The center of this dispute is a father who seems to be at his wits end. He is terrified and exhausted, he has nowhere else to turn. And I’m sure with many friends telling him that they will pray for him he has ventured out to find our Lord. He says, “Teacher, I brought my son to you, for he has a spirit that makes him mute. And whenever it seizes him, it throws him down, and he foams and grinds his teeth and becomes rigid. So, I asked your disciples to cast it out, and they were not able.” (Mark 9:17-18) He longs to save his son but at every turn there is no solution, no answer. Jesus then chastises them all for their issues of faithfulness. “O faithless generation,” he says, “how long am I to be with you? How long am I to bear with you?” He has just come down from the clear proclamation of who he is, of God proclaiming this to be his son and they are to listen to him. Yet down the mountain, in the confusion of life, there is uncertainty and doubt.
The boy’s father wonders if Jesus can do anything about it. To which Jesus says, “All things are possible for one who believes.” Now the man takes this word and makes one last ditch effort to save his son. After all, he does believe. He believes that Jesus can do something, otherwise why would he have come in the first place? But he figures that perhaps the problem is just a matter of the degree of his belief. Perhaps his faith isn’t strong enough, or he doesn’t believe enough, or he is weak or shallow in his faith. So he says, “I believe; help my unbelief!” Help my unbelief. Make it strong enough to save my son. Guide me to do what is necessary so that I can do more than just pray from the sidelines as I watch him suffer.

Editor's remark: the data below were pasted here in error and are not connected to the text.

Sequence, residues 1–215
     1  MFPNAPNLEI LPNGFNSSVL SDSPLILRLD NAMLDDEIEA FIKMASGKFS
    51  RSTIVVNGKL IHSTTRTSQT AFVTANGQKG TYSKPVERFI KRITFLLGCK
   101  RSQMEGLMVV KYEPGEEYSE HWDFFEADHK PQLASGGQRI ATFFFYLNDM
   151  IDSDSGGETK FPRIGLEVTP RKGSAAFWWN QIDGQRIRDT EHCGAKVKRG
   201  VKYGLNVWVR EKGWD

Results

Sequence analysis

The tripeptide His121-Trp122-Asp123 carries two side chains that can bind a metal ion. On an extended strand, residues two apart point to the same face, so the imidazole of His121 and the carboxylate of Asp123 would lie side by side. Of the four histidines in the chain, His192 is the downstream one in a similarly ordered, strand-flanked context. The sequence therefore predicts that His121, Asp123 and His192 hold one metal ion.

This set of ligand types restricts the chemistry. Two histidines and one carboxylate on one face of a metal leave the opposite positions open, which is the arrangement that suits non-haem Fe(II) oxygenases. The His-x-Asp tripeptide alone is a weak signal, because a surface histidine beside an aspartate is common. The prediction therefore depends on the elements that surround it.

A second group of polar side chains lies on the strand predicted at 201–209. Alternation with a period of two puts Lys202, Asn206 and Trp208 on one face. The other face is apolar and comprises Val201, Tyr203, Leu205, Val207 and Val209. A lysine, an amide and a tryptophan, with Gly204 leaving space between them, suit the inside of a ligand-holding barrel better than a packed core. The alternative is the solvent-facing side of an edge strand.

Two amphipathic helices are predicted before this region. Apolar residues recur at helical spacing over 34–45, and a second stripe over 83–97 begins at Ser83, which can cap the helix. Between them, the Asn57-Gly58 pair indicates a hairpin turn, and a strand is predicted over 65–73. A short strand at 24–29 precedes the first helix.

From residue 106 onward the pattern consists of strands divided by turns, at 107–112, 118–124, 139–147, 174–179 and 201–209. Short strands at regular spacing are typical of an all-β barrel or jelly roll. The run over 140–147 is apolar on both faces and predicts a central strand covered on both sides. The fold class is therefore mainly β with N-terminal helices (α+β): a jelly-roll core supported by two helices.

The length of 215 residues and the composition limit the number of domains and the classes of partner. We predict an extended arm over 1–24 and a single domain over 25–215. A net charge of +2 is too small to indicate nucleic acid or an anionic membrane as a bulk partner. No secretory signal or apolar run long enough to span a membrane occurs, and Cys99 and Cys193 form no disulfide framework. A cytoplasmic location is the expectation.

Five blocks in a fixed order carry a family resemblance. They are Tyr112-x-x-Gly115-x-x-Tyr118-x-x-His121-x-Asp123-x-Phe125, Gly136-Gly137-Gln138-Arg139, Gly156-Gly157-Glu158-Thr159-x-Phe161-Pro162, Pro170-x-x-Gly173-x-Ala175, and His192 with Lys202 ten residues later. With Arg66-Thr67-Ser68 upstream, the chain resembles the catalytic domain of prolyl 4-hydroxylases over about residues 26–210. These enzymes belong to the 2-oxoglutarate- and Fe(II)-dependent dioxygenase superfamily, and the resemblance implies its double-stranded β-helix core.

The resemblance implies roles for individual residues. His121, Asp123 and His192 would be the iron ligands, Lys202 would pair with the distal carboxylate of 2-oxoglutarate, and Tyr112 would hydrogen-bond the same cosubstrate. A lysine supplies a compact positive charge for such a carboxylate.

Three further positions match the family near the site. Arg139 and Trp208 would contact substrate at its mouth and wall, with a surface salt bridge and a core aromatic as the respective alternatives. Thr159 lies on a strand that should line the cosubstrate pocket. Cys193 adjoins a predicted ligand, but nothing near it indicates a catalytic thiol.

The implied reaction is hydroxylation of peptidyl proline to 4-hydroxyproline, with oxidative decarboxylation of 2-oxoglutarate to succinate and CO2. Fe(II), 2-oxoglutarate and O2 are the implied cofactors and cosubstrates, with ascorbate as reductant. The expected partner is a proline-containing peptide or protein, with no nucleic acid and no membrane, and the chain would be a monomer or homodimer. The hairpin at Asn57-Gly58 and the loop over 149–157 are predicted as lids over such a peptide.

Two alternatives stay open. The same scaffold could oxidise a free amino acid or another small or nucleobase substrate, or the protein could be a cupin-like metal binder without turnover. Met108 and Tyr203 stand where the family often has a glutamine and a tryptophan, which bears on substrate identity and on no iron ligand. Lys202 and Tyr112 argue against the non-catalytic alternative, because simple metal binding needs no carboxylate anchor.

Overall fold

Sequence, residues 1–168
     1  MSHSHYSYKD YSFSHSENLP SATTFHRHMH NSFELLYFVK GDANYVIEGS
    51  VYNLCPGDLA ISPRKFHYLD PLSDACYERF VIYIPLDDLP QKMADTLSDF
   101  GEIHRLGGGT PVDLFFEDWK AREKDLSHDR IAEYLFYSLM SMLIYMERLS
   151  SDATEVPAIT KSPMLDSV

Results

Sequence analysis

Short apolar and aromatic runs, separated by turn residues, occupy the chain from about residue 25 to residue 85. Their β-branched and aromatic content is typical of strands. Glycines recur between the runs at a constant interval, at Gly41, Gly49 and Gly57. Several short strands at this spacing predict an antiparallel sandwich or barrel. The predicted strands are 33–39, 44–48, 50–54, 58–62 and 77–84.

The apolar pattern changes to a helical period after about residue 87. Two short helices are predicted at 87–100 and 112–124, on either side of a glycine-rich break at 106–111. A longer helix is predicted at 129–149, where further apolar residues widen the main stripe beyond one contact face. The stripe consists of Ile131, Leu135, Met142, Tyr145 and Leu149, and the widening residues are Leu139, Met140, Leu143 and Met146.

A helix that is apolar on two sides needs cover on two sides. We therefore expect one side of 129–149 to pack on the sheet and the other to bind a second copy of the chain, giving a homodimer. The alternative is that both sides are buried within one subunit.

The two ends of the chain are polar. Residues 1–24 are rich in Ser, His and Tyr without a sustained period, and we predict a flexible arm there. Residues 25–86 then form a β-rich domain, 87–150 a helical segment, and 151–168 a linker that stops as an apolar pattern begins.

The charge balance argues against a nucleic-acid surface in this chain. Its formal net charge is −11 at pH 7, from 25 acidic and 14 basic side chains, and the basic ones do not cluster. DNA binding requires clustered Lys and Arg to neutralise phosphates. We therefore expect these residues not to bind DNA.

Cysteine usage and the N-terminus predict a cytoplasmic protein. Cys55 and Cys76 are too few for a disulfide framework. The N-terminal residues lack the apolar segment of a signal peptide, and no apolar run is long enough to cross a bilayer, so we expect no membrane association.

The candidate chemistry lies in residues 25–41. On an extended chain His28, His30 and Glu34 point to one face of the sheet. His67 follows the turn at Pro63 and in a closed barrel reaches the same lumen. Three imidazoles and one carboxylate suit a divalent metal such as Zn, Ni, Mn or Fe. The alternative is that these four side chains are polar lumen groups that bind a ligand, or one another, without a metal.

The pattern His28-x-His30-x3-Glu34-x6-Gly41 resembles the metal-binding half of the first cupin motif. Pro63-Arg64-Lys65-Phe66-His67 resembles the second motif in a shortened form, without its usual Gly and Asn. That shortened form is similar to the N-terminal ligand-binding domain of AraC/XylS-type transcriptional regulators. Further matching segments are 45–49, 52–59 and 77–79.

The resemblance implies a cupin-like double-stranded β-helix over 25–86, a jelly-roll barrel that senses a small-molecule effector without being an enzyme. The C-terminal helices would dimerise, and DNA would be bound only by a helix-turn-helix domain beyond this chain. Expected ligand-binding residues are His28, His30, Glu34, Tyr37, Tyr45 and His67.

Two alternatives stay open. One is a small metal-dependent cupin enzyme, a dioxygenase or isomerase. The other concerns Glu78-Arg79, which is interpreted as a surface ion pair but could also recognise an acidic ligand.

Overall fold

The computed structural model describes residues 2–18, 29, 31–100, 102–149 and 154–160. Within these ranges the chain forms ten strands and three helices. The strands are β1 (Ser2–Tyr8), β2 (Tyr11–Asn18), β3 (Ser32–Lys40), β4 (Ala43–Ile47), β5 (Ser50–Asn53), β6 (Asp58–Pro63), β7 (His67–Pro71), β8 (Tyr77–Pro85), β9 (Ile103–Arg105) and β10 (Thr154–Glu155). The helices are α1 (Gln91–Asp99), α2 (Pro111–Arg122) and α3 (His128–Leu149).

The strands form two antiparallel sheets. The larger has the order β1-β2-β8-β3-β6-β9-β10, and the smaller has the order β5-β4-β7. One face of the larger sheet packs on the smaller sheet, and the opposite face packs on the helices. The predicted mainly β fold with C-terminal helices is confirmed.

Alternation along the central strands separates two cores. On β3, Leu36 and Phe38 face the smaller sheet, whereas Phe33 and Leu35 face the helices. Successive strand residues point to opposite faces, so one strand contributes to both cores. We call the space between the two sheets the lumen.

How similar this is to our life today. Our desire to always look within ourselves for the solution to the problem is continually fed and nourished by preachers in churches great and small. When faced with suffering in the lives of those we love, when we feel there is nothing we can do but pray, why, we too cry out “I believe; help my unbelief!” Perhaps there is some defect in your faith that makes your ability to help those you love. So, there are those who might give you some program to strengthen your faith. There are many who will point out what is in the way of your belief, some moral failings that work as a blockage in the pipeline of God’s otherwise rich blessings. Fix those and then the blessings will come.
Yet the good news is that in our lives today, just as in the life of the father and this boy in our text, everything hinges on the merits of Christ alone. Not on the value of your faith. Not on how clean and presentable your life is. No, Christ speaks his Word and the demon is driven from the boy. He didn’t wait for the father to fix his faith. He simply speaks and changes everything by his gracious intervention. And so it is with you. Your salvation doesn’t hinge on the merits of your life. It doesn’t depend on how profound and deep your faith may or may not be. Your salvation hinges on the merits of Christ alone. His gifts are given in the speaking of his Word. A Word that calls you his brothers and sisters. A Word that declares you to be forgiven, the saints of God.
Now it is fascinating that after he performs this miracle and his disciples get some alone time with our Lord, they ask him, “Why could we not cast it out?” See, they had done such a thing before. But how come this time they had no luck? Our Lord’s response is that this one would only be driven out by prayer. Now, this doesn’t mean that there was some sort of magic incantation that they needed to recite. They didn’t need to pray the rosary or mutter the believer’s prayer or any such thing or enact a scene of an exorcism from a Hollywood movie. No, prayer is to confess that you cannot do it. Prayer is to not depend on your own faith but hold to the merits of Christ. Prayer is call upon another to come to your aid, to do what you cannot do.
This is where we look then for hope and assurance, this is where you find the strength to press on, this is how you find courage in the dark and stormy days of your lives. It is found in the works of Christ for you, it is located in his gifts freely and richly given to you. In the waters of your baptism, in the bread and wine of his supper, in the Words of absolution, he gives you his promises and blessings. Here he answers your prayer, “I believe, help my unbelief!”